>> The one book I would recommend, and it is a book that’s, actually it was written by Louis Timberlake. And the name of the book is Born to Win and I heard it at one of my, I heard him speak he was a motivational speaker went around and spoke to different groups and there’s absolutely nothing that you can find as a public relations person that has a redeeming value about public relations.

There’s no talk about the four-step process, there’s no great examples of PR. But what it is, it’s a book of inspiration. And it talks about people who either at the beginning of their career or at the very end of their life, found what they were meant to do.

One great example is Colonel Sanders with KFC. The fact that this was his second career. He had retired. He had given up his own life and contemplated suicide. And then it talks about him writing a list of the things that he was good at and one of them was frying chicken, and how that turned from door-to-door, to one of the most successful franchises of all times.

And I say that because I think that young people need to be inspired, and that book made a huge difference in my life. There’s parts of it that are cheesy and motivational speaker type parts of the book, but I’ve read it half a dozen times. And he brings a lot of analogies from religion and from the Bible.

And it’s interesting, one of the few things I remember the first time I read it and remembered ever since is that as children, as babies we’re born with two fears. The fear of falling and the fear of loud noises. Every other fear in life that we have, we learned that fear.

And he mentions how in the Bible, 365 times, verses start with fear not. And so he talked a lot about fear, and what that can do to you, and how it’s a paralyzing feeling and so early on in my career it made me less fearful of saying things, doing things, of speaking up in meetings where I probably was supposed to listen and not speak.

But I think that could maybe change a young person’s way of thinking. Again, it’s not going to give them some great PR insight. I think all that’s great PR insight if you look at it the right way. But it’s not a nuts and bolts, mechanics book on how to be a leader.

It just talks about a bunch of great leaders and how they got there.

What are the 2-3 most crucial issues confronting the PR profession today?

>> I think the two, three most crucial issues that our PR industry faces, as practitioners, it’s really content management, and that’s a broad term and maybe not the best term but what I mean by that is that that’s content management about our profession, it’s about our clients or our company that we work for.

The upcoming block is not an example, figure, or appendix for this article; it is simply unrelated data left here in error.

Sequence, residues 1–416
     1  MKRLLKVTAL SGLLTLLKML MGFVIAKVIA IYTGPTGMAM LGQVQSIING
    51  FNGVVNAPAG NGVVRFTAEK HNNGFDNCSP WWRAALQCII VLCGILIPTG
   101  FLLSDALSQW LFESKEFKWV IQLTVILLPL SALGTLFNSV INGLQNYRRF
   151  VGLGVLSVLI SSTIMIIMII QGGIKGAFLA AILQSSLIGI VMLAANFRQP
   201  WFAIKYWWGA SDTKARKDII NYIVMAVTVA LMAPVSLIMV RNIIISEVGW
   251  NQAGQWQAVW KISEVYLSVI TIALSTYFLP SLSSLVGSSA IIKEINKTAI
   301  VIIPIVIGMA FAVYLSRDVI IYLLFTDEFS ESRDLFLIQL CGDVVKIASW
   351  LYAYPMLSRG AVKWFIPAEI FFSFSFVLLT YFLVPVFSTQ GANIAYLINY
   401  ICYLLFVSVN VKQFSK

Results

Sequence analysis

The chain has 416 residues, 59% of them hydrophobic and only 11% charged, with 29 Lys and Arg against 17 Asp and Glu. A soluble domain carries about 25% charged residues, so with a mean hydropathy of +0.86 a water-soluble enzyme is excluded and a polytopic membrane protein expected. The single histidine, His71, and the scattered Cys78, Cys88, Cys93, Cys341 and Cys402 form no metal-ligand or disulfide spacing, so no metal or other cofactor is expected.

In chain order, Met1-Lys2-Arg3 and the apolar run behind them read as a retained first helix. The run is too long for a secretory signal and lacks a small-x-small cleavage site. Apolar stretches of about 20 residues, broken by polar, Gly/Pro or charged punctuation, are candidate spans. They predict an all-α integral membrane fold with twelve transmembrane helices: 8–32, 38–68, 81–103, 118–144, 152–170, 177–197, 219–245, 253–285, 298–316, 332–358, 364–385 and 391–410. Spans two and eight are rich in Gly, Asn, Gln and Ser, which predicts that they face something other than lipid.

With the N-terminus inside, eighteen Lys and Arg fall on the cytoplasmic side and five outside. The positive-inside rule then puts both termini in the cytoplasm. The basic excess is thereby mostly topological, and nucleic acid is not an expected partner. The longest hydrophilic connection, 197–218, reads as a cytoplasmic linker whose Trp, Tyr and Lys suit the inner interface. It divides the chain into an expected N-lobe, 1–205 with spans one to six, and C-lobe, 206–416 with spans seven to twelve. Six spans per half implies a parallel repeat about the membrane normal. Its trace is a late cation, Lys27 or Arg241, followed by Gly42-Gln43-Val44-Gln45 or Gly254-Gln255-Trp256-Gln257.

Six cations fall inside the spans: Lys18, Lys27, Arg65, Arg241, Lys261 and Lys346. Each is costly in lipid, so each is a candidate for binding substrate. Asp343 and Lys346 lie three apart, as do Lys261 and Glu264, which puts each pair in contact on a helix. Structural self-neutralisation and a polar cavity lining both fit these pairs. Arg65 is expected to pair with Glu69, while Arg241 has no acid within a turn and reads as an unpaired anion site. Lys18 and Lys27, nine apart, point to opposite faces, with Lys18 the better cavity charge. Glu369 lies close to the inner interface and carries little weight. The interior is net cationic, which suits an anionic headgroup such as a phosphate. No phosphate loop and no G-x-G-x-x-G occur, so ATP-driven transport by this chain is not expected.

I mean it’s coming from every direction. Again, there was a time when there were three network channels, and a local paper and the New York Times was the paper of record, and that was pretty much it. And now there’s Twitter and blogs and Facebook and everything you can think of.

And so I think just to manage content is one part of it, and what accompanies that is relevancy. How do you stay relevant as a PR practitioner? If the guy I answer to has Google Alerts and every morning he or she gets up and looks at Google Alerts and can tell me everything everybody said about me as a PR practitioner, what am I really?

That used to be part of my job was to report what’s going on out there and now they can get that directly. I need to have a set of skills that shows, here’s the contents, here’s the relevance and here’s what we’re going to do about it. So, to me, managing content, staying relevant, and I think, one of the challenges we have is looking outside of our own small world.

Does the profession have greater legitimacy (or credibility) today than it did 20 years ago? Why or why not?

>> I do think that the PR profession has greater legitimacy today than it did 20 or 30 years ago. Although you probably couldn’t tell it, by the way, we’re thought of nationally, and in opinion surveys. I mean we’re really, and I think we get caught up in a broad brush. But when you talk about PR people, we come in just right above used car dealers in how much people trust what we’re saying. But I think for years, PR professionals sometimes sounded like crybabies. And that we need a seat at the table. We need to be part of the management function. We need to be part of decisions made by the corporation instead of making the decisions and telling us that you made it. Let us be part of the decision.

Well, first of all, I think that’s your own problem that you’ve not done enough to make that leadership team value you enough to demand you sit at that table. Because if you had they won’t have those meetings without you, if you’ve proven yourself. But I think now so for reasons that have little to do with how much our profession has evolved, but more of how much communications has evolved. I think you have, again, the 24-hour news cycle which could now be the 24 minute or the 24-second news cycle.

And because, again, of social media and all the other things that affect reputations and brands then and I think those folks that are now achieving some C-level of leadership in corporations grew up with understanding public relations. They didn’t have to go to school, they saw the effects of what good public relations can do.